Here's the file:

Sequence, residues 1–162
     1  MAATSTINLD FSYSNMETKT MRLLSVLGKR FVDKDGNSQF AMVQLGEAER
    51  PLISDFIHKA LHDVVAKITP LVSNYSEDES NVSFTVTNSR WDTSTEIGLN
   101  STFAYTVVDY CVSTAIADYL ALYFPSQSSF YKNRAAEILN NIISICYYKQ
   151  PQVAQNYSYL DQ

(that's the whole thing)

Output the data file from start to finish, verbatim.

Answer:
Sequence, residues 1–162
     1  MAATSTINLD FSYSNMETKT MRLLSVLGKR FVDKDGNSQF AMVQLGEAER
    51  PLISDFIHKA LHDVVAKITP LVSNYSEDES NVSFTVTNSR WDTSTEIGLN
   101  STFAYTVVDY CVSTAIADYL ALYFPSQSSF YKNRAAEILN NIISICYYKQ
   151  PQVAQNYSYL DQ